33 Model Two Physical Abuse
Physical Abuse is the infliction of physical injury by various methods, even if the perpetrator does not intend harm. In the United States, physical punishment is regarded as a form of physical abuse. In Canada, the use of physical punishment is allowed as a parental form of correction. Workers must distinguish physical punishment from physical abuse.

34 Model Two Child Neglect
Child neglect is the failure to provide for the child’s basic physical, educational, medical, or emotional needs. The inability of parents to adequately supervise their child(ren) is a form of child neglect e.g. children in need of supervision

35 Model Two Sexual Abuse Sexual abuse is the involvement of a child in any kind of sexual action including incest, sexual molestation by a family member, prostitution, pornography, or human trafficking.

36 Model TWO Emotional Abuse
Emotional abuse is an act or omission that has caused or could cause serious cognitive, behavioral, emotional, or mental disorders. Some jurisdictions include exposure to domestic violence under emotional abuse.

37 Model Two Structure: Children’s Bureau
The federal government established the Children’s Bureau in 1912 because of societal concern over child labor, delinquency, and orphaned children. Title V of the 1935 Social Security Act directed the bureau to cooperate with states to develop child welfare services. In 1967, child welfare funding under title V became Title IV-B, Child Welfare Services.

38 Model Two Battered Child Syndrome
Battered child syndrome emerged (1960’s) as a public issue due to the observation of pediatric radiologist John Caffey; prior to this injuries to children were considered a private family matter. Between , every state passed legislation preventing child abuse. The Child Abuse Prevention and Treatment Act (CAPTA) was enacted in This act was reauthorized in 2003 as the Keeping Children and Families Safe Act. P.L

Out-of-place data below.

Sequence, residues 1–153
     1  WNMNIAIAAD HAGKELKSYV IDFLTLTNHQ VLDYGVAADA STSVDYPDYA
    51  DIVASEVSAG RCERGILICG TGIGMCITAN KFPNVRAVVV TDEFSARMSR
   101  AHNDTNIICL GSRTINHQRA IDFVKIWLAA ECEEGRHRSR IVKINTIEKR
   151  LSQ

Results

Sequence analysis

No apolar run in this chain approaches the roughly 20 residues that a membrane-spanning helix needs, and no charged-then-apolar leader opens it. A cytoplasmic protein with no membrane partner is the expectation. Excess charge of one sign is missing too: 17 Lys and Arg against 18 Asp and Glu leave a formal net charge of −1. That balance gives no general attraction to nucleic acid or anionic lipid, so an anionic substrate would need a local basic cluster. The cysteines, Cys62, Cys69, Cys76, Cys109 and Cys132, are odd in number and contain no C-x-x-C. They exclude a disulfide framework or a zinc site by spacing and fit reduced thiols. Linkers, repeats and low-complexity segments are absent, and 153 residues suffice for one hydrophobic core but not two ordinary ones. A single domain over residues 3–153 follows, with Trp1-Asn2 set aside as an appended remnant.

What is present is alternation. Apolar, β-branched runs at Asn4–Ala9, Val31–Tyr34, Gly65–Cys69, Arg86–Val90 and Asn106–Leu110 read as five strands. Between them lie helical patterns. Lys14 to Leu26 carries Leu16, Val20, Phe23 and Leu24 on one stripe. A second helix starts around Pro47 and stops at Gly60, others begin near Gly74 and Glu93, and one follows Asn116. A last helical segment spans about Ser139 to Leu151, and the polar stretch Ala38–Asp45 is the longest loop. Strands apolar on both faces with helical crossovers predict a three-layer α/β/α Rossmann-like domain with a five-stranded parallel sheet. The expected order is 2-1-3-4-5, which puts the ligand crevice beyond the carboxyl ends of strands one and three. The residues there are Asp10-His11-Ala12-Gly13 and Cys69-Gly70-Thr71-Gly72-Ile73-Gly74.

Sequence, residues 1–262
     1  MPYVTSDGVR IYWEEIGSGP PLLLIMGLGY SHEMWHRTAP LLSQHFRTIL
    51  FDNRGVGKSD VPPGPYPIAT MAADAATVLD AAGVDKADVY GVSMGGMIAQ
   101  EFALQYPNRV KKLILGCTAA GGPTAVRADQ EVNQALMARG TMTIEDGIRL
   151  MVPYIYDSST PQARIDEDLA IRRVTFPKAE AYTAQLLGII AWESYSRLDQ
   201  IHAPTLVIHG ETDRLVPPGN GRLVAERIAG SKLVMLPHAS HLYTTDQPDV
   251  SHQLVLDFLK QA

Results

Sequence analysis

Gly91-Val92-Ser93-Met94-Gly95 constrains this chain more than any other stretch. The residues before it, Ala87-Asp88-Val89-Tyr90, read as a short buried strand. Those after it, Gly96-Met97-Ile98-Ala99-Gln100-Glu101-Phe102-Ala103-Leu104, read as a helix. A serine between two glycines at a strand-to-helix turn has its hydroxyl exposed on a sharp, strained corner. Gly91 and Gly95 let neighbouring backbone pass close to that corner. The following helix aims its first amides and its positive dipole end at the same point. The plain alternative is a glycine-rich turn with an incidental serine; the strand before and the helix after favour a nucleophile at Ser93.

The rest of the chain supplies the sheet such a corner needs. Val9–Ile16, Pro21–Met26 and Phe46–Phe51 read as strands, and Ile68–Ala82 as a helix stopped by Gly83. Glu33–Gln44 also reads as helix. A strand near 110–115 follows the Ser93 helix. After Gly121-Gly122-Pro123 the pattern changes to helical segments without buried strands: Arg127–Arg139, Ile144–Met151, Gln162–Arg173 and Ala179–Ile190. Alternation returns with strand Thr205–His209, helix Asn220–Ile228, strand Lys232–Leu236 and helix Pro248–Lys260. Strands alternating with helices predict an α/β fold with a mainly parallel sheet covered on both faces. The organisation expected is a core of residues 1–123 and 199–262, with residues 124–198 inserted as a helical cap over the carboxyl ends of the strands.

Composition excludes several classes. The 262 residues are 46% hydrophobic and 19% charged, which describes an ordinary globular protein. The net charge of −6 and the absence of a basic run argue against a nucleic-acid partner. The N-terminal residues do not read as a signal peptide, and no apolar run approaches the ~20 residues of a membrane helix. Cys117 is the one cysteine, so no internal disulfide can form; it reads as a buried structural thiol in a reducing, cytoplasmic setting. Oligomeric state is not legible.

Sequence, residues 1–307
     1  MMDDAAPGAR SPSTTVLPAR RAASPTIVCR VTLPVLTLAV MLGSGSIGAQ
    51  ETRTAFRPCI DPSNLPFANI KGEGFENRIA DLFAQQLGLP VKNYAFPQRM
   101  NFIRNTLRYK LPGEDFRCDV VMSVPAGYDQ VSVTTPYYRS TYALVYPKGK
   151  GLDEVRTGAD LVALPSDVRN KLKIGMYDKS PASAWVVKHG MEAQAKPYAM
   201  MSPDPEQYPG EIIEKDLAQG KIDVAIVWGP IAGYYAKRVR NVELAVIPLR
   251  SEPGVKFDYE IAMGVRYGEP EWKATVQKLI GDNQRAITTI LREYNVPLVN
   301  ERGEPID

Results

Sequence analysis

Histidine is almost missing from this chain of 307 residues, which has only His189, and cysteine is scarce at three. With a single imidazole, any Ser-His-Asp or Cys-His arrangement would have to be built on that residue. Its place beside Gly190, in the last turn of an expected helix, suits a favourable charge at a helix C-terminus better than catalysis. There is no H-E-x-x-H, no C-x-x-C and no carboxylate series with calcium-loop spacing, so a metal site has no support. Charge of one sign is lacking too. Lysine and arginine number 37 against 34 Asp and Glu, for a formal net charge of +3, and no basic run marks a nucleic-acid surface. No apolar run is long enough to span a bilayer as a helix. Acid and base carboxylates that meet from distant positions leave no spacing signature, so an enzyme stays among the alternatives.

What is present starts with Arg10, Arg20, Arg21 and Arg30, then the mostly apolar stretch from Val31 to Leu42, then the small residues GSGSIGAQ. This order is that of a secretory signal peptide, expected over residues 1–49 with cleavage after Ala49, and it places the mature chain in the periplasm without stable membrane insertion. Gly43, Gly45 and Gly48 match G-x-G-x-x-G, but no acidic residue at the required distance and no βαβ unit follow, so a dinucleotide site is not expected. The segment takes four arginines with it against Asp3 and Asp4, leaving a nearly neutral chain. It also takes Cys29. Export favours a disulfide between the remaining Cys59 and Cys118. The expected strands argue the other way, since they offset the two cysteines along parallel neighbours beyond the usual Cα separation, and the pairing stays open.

39 Model Two Mandatory Reporting
In the 1970’s laws mandating reports of suspected child abuse were enacted in every state. See chapter two on fiduciary responsibilities. According to Knoke and Trocme (2005) the inclusion of exposure to domestic violence as a category of mandated reporting of child emotional abuse led to 133% increase in reported cases of suspected child abuse in Canada.

40 Model Two Child Neglect & Abuse: Statistics
Rates: Child abuse rates are similar in Canada, England, Australia, and the United States. U.S. Reports of suspected abuse: 250,000 child abuse reports annually. U.S. Reports of Suspected Abuse FY 2000 2 million reports of suspected abuse and neglect 1.8 million reports were unsubstantiated. U.S. Substantiated Reports FY 2000 879,000 children were victims of maltreatment.

41 Model Two Conceptual Quagmires: Defining Harm
The use of physical force against children is prevalent in the United States. (Gelles and Straus, 1987); Severe physical harm occurs in a minority of maltreated children (Zuravin, Orme, Heger, 1995). Acts (beatings, use of weapons) that have a high probability of resulting in severe physical harm requiring medical treatment occur at much lower frequencies than milder forms of abuse (bruises, scratches).